How should I change the lighting? Need Advise!

Discussion in 'Managing Your Flock' started by dbounds10, Sep 22, 2011.

  1. dbounds10

    dbounds10 Chillin' With My Peeps

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    Mar 15, 2011
    Fort Worth, Tx
    I have 6 pullets (4 have been laying about 6 weeks). Egg production is quickly falling and I assume it is the short days. I have heard you should not change the lighting to quickly or drastically because that could also effect the eggs. My coop has electricity and I have a 60W bulb in there now. I have not been turning it on at all since I used it to train them to put themselves to bed at night.

    I am thinking about setting a timer to come on at 5:30 or 6am every morning for the extra added light. Since it is still dark at that time, will the sudden blast of light be bad for them? How bright does the extra light really need to be? Should I change to a 25 or 40W? Also need to start thinking about some added heat pretty soon since my coop is not insulated. Even though we are in Tx, is can get into the teens at night.

    Need some expert advise on how to integrate the lighting change without stressing them and how to integrate the heat light from the regular light when it gets cold. I only have 1 light socket in there so I will have to physically change the white out for a red when it gets cold. I dont want to use one of those hanging lights for fire hazzard reasons.

    Any help would be greatly appreciated!
     
  2. SkyWarrior

    SkyWarrior Chillin' With My Peeps

    Apr 2, 2010
    Wilds of Montana
    I keep a light on when it's dark. It helps with egg production.

    I live in Montana, and it gets to be -30F at night sometimes. No heat. They do okay.

    Either that, or knit sweaters for them. [​IMG]
     
  3. dbounds10

    dbounds10 Chillin' With My Peeps

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    Mar 15, 2011
    Fort Worth, Tx
    Quote:You mean you leave the light on 24x7?

    I dont want to do that I just want to have it come on about 5:30 or 6AM and then let it get dark naturally. But, I was afraid that just blasting them with a 60W bulb at 6AM when its still dark outside would freak them out.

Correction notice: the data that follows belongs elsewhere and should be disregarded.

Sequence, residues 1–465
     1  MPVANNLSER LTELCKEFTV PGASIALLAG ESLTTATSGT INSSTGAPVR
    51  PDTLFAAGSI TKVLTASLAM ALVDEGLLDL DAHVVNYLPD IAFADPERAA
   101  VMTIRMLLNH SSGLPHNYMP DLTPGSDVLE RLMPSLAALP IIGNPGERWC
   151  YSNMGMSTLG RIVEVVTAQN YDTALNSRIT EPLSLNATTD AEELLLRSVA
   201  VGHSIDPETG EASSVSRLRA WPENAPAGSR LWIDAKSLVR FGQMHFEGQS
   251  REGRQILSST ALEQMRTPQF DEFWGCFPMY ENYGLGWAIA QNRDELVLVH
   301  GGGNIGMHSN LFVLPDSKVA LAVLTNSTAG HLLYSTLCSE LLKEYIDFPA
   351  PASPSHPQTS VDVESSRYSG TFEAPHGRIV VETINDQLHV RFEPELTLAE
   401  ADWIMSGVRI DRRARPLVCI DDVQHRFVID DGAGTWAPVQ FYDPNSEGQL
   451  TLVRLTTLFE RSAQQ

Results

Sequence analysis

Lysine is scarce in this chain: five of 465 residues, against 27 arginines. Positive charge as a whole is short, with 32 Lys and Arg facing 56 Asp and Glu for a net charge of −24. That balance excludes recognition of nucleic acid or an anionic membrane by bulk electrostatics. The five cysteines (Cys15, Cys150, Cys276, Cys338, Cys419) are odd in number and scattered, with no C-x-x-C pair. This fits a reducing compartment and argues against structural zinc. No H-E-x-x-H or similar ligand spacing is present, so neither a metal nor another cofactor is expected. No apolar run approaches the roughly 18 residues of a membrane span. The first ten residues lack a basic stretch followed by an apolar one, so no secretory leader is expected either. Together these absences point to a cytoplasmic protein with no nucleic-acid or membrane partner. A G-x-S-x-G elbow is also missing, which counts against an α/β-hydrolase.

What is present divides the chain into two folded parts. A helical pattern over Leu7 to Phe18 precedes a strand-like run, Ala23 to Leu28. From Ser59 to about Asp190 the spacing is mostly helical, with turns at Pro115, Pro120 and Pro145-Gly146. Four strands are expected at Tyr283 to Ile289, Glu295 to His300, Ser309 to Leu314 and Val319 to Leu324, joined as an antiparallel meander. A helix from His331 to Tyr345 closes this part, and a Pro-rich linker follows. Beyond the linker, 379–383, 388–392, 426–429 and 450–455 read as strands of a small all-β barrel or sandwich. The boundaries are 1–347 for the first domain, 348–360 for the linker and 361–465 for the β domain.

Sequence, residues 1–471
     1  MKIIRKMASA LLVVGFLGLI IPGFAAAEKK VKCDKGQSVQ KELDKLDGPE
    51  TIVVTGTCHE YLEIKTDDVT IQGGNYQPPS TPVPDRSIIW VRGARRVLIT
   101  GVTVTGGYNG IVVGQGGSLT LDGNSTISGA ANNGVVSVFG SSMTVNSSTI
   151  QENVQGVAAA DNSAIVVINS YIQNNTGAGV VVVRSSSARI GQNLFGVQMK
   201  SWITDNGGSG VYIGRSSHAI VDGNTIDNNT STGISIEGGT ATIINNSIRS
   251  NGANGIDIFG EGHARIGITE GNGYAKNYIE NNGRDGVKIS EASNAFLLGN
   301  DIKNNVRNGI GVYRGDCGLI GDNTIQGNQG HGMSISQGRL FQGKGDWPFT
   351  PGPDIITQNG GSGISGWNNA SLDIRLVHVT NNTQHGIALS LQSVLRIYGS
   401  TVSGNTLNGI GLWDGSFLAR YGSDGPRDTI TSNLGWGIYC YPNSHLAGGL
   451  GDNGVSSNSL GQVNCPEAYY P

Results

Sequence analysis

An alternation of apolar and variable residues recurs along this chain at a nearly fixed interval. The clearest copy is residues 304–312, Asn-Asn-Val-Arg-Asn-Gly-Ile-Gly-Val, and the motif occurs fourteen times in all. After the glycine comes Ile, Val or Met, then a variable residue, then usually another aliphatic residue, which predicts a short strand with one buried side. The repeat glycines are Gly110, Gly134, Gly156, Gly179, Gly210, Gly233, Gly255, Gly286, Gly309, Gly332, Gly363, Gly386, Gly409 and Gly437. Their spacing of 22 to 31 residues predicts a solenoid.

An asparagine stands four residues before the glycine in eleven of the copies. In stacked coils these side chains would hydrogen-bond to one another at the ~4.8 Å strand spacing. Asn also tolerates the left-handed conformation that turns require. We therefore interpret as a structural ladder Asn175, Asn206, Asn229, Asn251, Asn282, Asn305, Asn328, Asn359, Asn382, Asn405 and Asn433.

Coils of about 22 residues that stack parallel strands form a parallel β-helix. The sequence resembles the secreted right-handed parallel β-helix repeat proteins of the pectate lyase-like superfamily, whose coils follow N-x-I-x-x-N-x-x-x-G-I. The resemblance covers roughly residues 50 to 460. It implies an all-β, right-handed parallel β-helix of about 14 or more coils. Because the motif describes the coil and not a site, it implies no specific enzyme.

Anyone know if it will stress them?
     
  4. Fred's Hens

    Fred's Hens Chicken Obsessed Premium Member

    Using a timer, try having the light come on at 5:00 am. Have it go off, when you wish. Mine goes off around 4 pm. Whatever daylight they get after 4 pm varies, of course, from winter to summer, but our light comes on at 5 am, year around. It hardly forces them, as 14-16 hours of daylight would, but having a few extra hours in the morning, consistently, allows for laying to be adequate, which I assume you are after.
     
    Last edited: Sep 22, 2011
  5. dbounds10

    dbounds10 Chillin' With My Peeps

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    Mar 15, 2011
    Fort Worth, Tx
    Fred's Hens :

    Using a timer, try having the light come on at 5:00 am. Have it go off, when you wish. Mine goes off around 4 pm. Whatever daylight they get after 4 pm varies, of course, from winter to summer, but our light comes on at 5 am, year around. It hardly forces them, as 14-16 hours of daylight would, but having a few extra hours in the morning, consistently, allows for laying to be adequate, which I assume you are after.

    What wattage bulb do you use?​
     
  6. florida lee

    florida lee Chillin' With My Peeps

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    I have a timer on my coop light, it comes on at around 0530 and off at 0730. They seem ok with it. the sudden on light did not seem to bother them except they expect me to let them out right way (still dark), I make them wait until after dawn. Out of 11 pullets I'm only getting 3 eggs/day. still only getting 3 eggs day with the light - no change that's good. The other pullets haven't started laying yet.